Archive for June, 2013

by: Jason A. Sutula

carbon monoxide warning

The majority of residential fires I have investigated have had at least one room or compartment that has reached flashover. These rooms are heavily damaged by the fire, leaving behind a scene that can be hard to recognize from what it was before the fire. The hazards associated with the post-flashover conditions that led to the damage are frightening. Once a room has achieved flashover, every fuel surface within the room that can burn, will burn. This results in a room that is filled with much more fuel than can be burned with the amount of air (i.e., oxygen) that is available in the room. In addition to the dramatic increase in the temperature of the atmosphere (as mentioned in a previous article, these temperatures are in excess of 1112 °F), incomplete combustion takes place in this environment, which will produce many different toxic gases in very large quantities.

Surprising, the majority of all fire deaths are not due to the excessive temperatures created by flashover conditions or burns to the body. Instead, the leading cause of death from fire is smoke inhalation. More specifically, carbon monoxide, the silent killer, is the main culprit. A post-flashover room transitions quickly into a carbon monoxide pump, pushing the colorless, odorless, and tasteless gas throughout an apartment, single-family home, hotel, or other structure. Carbon monoxide is lighter than air and small enough (as molecules go) to easily slip around the cracks between walls, windows, and doors. Most fire victims did not have adequate warning or enough time to escape from the home before breathing in enough of the carbon monoxide gas to lose consciousness.

When inhaled, carbon monoxide will combine with hemoglobin in the blood to form carboxyhemoglobin (abbreviated as COHb). The measure of this value is usually reported in medical records as a percent COHb. At 15-20 percent COHb, the first symptom of exposure, a headache, is typically reported. At 30-40 percent COHb, loss of consciousness can occur. Death is associated with concentrations of 50-70 percent COHb.

There are many variables that can affect how quickly carbon monoxide will form carboxyhemoglobin in blood. The most important variable is the exposure concentration of the carbon monoxide. Prior to flashover, a fire will produce a very small amount of carbon monoxide. After flashover, the amount of carbon monoxide can increase to several percent by volume. A 0.5 percent concentration of carbon monoxide (5000 parts per million or ppm) can result in a 30 percent COHb in only seven minutes for a person who is walking.

More information on post-flashover conditions and carbon monoxide toxicology can be found in the “Effect of Combustion Conditions on Species Production” and “Assessment of Hazards to Occupants from Smoke, Toxic Gases, and Heat” chapters in The SFPE Handbook of Fire Protection Engineering, Fourth Edition 2008.

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by: Jason A. Sutula

firefighters

The movie Backdraft opened in 1991 while I was still in high school. I will admit that there was something about that movie that peaked my interest in fire and fire investigation. I cannot give the movie full credit for why I eventually chose the fields of Fire Protection Engineering and Fire Investigation, but it definitely deserves some credit as an influence in my life. I have vivid memories of watching the fire move throughout the movie as if it was alive and with a very devious personality. Only a few short years later, during my education in the Department of Fire Protection Engineering, did I discover that many of those wonderful scenes were far from the reality of fire behavior and were just the product of some amazingly creative camera work.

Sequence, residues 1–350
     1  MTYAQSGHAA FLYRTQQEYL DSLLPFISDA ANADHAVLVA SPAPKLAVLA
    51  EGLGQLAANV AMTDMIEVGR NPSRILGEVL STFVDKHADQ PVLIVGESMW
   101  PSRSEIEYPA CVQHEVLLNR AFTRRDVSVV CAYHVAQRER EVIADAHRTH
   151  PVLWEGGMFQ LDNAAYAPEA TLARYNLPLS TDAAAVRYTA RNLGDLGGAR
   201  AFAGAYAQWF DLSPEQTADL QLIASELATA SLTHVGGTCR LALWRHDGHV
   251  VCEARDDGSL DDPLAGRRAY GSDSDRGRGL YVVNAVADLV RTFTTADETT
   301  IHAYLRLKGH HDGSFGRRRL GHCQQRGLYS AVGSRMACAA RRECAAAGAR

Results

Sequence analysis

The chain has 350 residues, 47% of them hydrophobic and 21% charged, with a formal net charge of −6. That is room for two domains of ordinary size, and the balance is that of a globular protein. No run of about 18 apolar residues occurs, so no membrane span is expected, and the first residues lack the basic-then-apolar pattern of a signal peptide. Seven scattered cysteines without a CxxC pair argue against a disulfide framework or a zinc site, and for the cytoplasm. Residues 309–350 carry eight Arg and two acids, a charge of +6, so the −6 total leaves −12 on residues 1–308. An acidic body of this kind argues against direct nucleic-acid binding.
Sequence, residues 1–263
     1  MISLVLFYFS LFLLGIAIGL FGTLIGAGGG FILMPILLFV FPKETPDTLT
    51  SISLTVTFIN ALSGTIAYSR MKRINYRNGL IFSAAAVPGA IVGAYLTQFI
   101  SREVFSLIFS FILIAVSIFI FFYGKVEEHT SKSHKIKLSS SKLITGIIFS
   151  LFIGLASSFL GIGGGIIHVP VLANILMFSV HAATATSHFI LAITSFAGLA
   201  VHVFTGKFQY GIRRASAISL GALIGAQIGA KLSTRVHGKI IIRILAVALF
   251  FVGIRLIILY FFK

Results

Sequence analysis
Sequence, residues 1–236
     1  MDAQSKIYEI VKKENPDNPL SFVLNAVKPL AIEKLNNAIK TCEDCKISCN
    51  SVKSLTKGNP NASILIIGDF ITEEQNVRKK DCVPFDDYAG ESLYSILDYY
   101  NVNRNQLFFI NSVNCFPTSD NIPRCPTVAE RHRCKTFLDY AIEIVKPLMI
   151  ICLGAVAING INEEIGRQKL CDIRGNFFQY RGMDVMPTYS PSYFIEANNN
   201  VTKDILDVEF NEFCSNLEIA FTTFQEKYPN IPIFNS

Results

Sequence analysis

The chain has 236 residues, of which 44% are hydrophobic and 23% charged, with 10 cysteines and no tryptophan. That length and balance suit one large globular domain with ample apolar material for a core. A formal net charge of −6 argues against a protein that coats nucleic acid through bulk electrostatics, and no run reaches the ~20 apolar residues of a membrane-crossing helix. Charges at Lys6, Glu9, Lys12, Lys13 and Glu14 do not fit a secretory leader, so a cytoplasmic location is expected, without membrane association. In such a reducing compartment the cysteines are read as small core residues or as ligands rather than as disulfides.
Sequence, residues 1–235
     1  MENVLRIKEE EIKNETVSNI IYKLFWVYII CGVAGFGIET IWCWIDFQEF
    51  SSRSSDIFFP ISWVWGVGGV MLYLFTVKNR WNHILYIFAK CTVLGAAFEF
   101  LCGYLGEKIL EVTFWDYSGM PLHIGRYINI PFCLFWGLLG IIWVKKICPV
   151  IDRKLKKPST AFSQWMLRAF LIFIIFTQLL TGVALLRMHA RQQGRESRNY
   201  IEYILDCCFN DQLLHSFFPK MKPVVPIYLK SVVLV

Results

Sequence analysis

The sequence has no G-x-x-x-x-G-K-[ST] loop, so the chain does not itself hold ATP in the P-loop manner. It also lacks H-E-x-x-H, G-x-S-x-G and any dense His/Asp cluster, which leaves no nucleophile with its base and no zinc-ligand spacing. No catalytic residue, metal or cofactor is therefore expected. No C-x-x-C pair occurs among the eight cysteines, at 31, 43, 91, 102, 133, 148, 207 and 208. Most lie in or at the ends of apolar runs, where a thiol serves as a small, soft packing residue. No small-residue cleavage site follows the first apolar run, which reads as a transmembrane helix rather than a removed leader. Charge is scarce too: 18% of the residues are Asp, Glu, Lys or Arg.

Backdraft does do a great job of reiterating just how dangerous a fire can be, both to occupants of a structure involved in a fire as well as the fire department personnel who risk life and limb to perform rescue and extinguishment operations. Unfortunately, the movie does not do a great job of portraying or explaining just what a “backdraft” is.

The term backdraft is defined in NFPA 921: Guide for Fire & Explosion Investigations, 2011 Edition as, “A deflagration resulting from the sudden introduction of air into a confined space containing oxygen-deficient products of incomplete combustion.” We can examine this definition by starting with the basic components of a fire. We need something to burn (a fuel), a supply of oxygen (air), and enough heat energy to allow for the combustion process to begin and then continue. If you are missing one of these basic components, you will have no fire.

A backdraft, then, is nothing more than a specialized type of fire. To produce conditions that will allow for a backdraft to develop, you need a confined space (in a residential fire, typically this will be a room) to hold all of the components of the fire. If a fire starts in our hypothetical room and cannot get enough oxygen (imagine a fire burning in a room with the windows and doors completely closed), unburned fuel will escape the fire and fill the room. Once a door or window is then opened to this room, colder fresh air containing oxygen will flow into the room through the bottom of the opening while the hotter combustion products from the fire will flow out the top of the opening. Where these two flows meet, a flammable mixture of fuel and oxygen will develop in the room. The mixed zone will grow and spread into the room and eventually reach the area where the small fire was originally located. At that place in the room, all three conditions for fire are present, and the result is an extremely rapid ignition and spread of flame from the point of origin out toward the opening of the room.